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Tough Breaks in the Life of a Pickleball

News Frank Cerabino 09-18-2023

Pickleball has a recycling challenge.

With an estimated five million Americans picking up the sport, and that number growing every year, there’s an accelerating demand for pickleballs themselves.

The outdoor version of these balls degrade quickly with use. They start out smooth and produce a pleasing “pop” when struck with a paddle. 

But by the end of a few games, the pop is gone and the balls start getting slightly deformed due to use, especially if being knocked around by a group of hard hitters. The weather also affects the life of a pickleball. The colder the weather the more likely they are to crack.

The pickleball site JustPaddles contends that a pickleball’s period of maximum performance is only three to five games.

For most players, pickleballs continue to be used – even if they become slightly out of round – until there’s a telltale funny bounce, and a player spots a break between two of the 40 holes on the outdoor ball.

“The ball’s cracked,” the player announces. Somebody pulls another ball out of a bag, and the broken ball is then stepped on to make the rupture more visible before it is tossed aside.

Some players like to impale their broken balls on courtside fences, like the guillotined heads on pikes at London Bridge during the Seventeenth Century. 

The relatively short lifespan of pickleballs is good news for manufacturers, who see a constant demand for new balls that typically sell for more than $3 per ball. 

But it also presents a recycling problem.

You might think that pickleballs are readily recyclable. After all, they’re plastic, and they don’t have any other recyclable-killing contaminants on them, such as the metal rings you might find on some water bottles.

But not all plastics are alike, and pickleballs are made with a kind of plastic that is less than ideal when it comes to recycling.

Pickleballs are made from low-density polyethylene (LDPE) plastic. More specifically, they are designated as LDPE 4 material, which is a thermoplastic that is known for its flexibility and resistance to moisture and chemicals.

LDPE 4 plastics are especially good as packing material. Bubble wrap, shrink wrap, trash can liners, food storage containers and those plastic rings you find on six-pack cans and bottles are examples of this type of plastic.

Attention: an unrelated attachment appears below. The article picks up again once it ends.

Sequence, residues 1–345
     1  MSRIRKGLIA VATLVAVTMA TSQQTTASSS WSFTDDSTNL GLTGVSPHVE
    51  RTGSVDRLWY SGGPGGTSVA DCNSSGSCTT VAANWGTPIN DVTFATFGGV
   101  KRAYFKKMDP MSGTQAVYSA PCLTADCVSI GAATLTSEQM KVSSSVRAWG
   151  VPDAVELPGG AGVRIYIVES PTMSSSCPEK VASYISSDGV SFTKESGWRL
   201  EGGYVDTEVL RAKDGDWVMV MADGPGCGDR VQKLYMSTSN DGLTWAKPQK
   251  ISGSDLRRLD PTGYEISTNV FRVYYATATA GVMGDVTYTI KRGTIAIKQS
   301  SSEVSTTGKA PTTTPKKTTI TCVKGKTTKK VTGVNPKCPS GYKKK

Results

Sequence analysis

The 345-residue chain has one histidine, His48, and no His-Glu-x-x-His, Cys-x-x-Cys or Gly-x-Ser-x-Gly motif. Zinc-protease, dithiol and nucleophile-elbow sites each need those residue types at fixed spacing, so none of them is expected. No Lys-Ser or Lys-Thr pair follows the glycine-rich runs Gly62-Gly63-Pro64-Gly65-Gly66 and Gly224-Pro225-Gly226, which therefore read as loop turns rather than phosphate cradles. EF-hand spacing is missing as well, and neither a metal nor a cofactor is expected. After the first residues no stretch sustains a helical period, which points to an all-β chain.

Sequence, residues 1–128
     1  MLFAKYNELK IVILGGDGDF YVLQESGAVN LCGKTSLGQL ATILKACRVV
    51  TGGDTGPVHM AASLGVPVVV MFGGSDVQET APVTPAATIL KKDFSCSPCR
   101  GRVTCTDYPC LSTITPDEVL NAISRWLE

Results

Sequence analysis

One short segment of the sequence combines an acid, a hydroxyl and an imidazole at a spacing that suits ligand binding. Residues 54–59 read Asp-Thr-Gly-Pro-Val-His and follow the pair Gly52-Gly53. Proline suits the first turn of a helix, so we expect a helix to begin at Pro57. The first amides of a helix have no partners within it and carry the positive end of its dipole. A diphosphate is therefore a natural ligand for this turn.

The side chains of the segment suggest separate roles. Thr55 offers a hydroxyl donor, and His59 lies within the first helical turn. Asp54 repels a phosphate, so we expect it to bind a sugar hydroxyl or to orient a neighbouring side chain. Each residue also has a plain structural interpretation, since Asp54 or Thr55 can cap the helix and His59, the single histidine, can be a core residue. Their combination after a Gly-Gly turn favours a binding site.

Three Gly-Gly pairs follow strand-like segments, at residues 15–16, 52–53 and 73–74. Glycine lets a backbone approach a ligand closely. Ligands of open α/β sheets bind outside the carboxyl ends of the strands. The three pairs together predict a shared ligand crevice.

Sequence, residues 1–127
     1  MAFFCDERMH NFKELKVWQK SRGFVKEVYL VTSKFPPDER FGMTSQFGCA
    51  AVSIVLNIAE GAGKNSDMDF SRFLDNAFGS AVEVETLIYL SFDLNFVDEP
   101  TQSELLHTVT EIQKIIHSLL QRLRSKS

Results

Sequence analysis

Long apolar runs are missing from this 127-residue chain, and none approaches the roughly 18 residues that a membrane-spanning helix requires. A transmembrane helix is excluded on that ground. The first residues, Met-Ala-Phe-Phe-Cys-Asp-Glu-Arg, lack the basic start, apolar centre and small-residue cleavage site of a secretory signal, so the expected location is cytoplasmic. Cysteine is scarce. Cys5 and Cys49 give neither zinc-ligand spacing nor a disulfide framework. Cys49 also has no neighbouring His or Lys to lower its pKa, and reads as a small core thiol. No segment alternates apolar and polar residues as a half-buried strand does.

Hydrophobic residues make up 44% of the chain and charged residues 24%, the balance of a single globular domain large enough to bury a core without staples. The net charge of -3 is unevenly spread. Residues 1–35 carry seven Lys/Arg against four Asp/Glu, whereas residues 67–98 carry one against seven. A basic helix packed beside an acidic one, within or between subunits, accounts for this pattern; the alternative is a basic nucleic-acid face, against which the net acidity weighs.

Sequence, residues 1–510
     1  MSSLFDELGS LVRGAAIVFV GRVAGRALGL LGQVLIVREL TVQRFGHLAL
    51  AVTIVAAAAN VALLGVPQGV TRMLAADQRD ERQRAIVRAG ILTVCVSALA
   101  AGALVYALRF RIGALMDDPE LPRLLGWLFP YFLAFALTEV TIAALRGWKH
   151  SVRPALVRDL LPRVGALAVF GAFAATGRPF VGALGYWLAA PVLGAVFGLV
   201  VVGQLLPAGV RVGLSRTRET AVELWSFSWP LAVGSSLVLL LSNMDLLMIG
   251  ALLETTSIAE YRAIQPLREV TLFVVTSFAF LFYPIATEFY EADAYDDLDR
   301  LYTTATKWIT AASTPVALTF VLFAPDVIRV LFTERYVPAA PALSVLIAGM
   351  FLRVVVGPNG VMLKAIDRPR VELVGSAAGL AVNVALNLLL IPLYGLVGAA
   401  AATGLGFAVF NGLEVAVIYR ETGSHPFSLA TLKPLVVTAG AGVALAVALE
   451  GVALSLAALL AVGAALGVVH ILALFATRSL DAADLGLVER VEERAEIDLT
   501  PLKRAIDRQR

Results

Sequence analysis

But they present a special challenge in recycling. LDPE 4 plastic has a low melting point, which means that it would problematically melt during the recycling process unless it received special care. 

Also, pickleball manufacturers typically don’t put the recycling symbol on the balls they make. It would be the number 4 inside a triangle with the letters LDPE under it.

Tough Breaks in the Life of a Pickleball

As a result, recycling facilities getting these broken unmarked balls would tend to just throw them away rather than recycle them. 

Some players do their own recycling of broken balls.

They find decorative uses for their non-playable balls, turning them into jewelry, holiday decorations, outdoor string lights and even pickleball trophies for rec-league-level competitions.

Tough Breaks in the Life of a Pickleball.                 Tough Breaks in the Life of a PickleballTough Breaks in the Life of a Pickleball

“Being the fastest growing sport in the United States there are going to be a lot of these balls that are just piling up like water bottles,” said Bradford Hermann, a self-described recycle artist from Fort Myers, Florida. 

“So we have to try to figure out some things to do.”

Hermann has made a YouTube video that shows his process for turning broken pickleballs into useful decorative objects. 

“I’d like to see balls remolded after they break,” he said. 

Others have suggested that recycling of broken balls could be done through a rebate program, in which manufacturers accept broken balls in exchange for discounts on future purchases.

But for now, the short lifespan of a pickleball is bound to end in the local landfill.

Rest in pieces.

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